Cystic Fibrosis Buyers Club Shows the UK Government The Way

The move by a group of parents of children with cystic fibrosis (CF) to set up a buyers club to gain access to treatments is making headlines in the UK. According to the website of the brand new initiative, the club will provide information that allows people living with cystic fibrosis to access more affordable, but quality-assured, generic versions of modulator medicines including ivacaftor (Vertex brand name Kalydeco) and ivacaftor-lumacaftor (Vertex brand name Orkambi). UK law allows the importation of medicines that are not registered in the UK as long as it is for personal use, including generic versions of medicines that are patented in the UK. However, people from anywhere in the world interested in buying the products can register their intent on the site.

The company Vertex that holds the EU marketing rights for the product has been in a deadlock with health authorities over the pricing of the treatment since 2016. The list price in the UK for Orkambi is £104,000 per patient per year. The National Health Service (NHS) England has offered a £500 million payment for a five-year period for Vertex’s cystic fibrosis medicines. There are an estimated 10,000 CF patients in the UK, of which an estimated over 4000 in England could benefit from treatment with Orkambi. But the company rejected the offer and as a result, the product is not available in the NHS. Aside from a limited compassionate use programme, patients do not have access to the treatment unless they pay Vertex’s price out of pocket. Some have done so at great expense to their families: £8000 every 28 days.

With the assistance of the buyers club, patients will be able to purchase generic medicines from a producer in Argentina where apparently patents have not been granted. The price of the Argentinian product will be around £20,000 per patient per year. While this is significantly less than the list price of £104,000 in the UK, it is still likely to be unaffordable for most individual patients and their families. Some families have started fundraising campaigns to pay for the treatment. See, for example, here and here for examples. The price of the generic is too much for most people to afford out of the family budget, but this is not the case for the NHS.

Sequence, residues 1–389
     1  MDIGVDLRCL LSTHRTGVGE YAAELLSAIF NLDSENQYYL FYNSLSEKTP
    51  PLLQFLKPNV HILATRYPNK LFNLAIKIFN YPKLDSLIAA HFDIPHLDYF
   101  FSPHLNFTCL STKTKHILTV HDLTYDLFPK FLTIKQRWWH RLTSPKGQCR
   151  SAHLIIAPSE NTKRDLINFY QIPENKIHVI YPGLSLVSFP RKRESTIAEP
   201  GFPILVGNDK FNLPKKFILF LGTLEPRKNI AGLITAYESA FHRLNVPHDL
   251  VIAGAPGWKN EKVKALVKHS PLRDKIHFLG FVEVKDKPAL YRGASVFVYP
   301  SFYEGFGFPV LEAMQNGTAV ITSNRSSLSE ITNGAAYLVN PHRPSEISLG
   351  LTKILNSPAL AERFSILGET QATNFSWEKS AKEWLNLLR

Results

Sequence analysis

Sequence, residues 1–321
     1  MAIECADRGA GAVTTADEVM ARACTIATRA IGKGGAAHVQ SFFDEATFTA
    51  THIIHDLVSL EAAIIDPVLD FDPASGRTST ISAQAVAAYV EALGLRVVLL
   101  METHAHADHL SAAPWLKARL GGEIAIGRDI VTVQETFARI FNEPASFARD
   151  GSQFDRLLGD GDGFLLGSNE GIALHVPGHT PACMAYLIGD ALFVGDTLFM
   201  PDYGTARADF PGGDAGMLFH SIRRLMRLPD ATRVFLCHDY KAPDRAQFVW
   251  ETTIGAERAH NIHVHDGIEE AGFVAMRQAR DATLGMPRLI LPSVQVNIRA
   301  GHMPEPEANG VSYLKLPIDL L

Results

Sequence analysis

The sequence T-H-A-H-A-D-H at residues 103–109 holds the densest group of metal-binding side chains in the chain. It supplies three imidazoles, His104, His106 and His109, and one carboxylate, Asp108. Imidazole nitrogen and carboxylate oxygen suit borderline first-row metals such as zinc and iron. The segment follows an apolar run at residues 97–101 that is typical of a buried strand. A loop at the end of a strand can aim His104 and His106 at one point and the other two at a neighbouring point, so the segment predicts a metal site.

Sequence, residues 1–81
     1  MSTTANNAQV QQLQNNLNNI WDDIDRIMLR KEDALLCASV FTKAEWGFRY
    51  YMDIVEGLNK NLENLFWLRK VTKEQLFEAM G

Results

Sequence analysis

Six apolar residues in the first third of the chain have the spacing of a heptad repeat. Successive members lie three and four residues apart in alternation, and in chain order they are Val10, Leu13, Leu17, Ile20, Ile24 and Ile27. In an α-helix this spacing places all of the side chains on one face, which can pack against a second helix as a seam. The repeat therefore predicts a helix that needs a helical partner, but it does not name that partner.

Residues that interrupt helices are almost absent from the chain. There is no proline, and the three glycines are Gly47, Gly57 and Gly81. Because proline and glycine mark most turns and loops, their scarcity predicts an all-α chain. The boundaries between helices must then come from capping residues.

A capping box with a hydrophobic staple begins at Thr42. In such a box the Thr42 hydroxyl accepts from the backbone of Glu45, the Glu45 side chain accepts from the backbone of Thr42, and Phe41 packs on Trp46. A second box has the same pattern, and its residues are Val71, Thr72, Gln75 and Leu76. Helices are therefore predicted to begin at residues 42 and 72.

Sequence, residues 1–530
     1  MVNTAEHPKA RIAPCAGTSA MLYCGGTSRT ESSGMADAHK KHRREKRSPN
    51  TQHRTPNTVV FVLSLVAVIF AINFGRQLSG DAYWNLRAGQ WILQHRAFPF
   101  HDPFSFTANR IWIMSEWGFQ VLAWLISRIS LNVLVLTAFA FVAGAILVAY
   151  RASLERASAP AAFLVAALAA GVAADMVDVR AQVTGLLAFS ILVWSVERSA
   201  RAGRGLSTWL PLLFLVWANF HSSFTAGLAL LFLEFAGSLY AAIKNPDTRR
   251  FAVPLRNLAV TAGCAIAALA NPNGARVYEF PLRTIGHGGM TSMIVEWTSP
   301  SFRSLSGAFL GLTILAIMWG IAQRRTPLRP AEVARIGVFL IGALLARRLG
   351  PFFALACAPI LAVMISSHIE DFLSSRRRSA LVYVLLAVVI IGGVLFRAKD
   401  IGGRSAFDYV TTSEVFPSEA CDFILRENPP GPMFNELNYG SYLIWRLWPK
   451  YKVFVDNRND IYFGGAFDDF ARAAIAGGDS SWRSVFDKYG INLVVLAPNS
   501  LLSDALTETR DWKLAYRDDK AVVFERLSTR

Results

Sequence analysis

Earlier this year the UK parliament debated the issuing of a compulsory licence by the government, called ‘Crown use’, for lumacaftor/ivacaftor following a request to the government by parents of young children with CF and treatment campaigners. Such a move would suspend the market monopoly of Vertex and allow procurement of lower cost generic CF treatments. (See here for an earlier report about this.) At the time of the parliamentary debate, junior health minister Steve Brine said that taking the Crown use route would take many years before the drug was available and that it would be very expensive as there are no realistic alternatives at this to time to produce the products.

We now know that not to be true. The UK government can move ahead with the Crown use licence, and purchase from generic suppliers identified by the buyers club and provide all CF patients in need. The Buyers Club provides information on its website about the steps that are taken to ensure that the generic product meets quality standards.

Vertex has been sharply criticised for their pricing policies, including by the researchers who developed the drugs, patients and health care providers including pharmacists who set out to prepare the medicine at lower cost themselves. Even the London-based pharmaceutical industry lobby group, Association of the British Pharmaceutical Industry (ABPI), was quick to point out that Vertex was not one of their members. The ABPI said about the NHS price offer that Vertex rejected: “we don’t know any of the commercial details, i.e. the prices, involved in this offer, [but] it is clear that the structure of the offer represents exactly the sort of flexibility industry has been calling for some time.”

Vertex reported 2018 revenue for its cystic fibrosis products of US$3.04 billion and that it expects this revenue to increase to US$3.45 – 3.55 billion in 2019.

The ball now is in the UK Government’s court. Parliamentary Under Secretary of State for Public Health and Primary care, Seema Kennedy, understands this and told parliament on 10 June, that in light of ongoing failure of Vertex to offer a fair price the government has a “moral obligation” to explore all options including Crown use and a large scale clinical trial to get access to a generic.

[Updated 11 June to correct the number of CF patients and on 12 June to add a link to information about quality assurance of generic medicines.]

Ellen 't Hoen
Ellen 't Hoen
Ellen ‘t Hoen, LLM PhD, is a lawyer and public health advocate with over 30 years of experience working on pharmaceutical and intellectual property policies.


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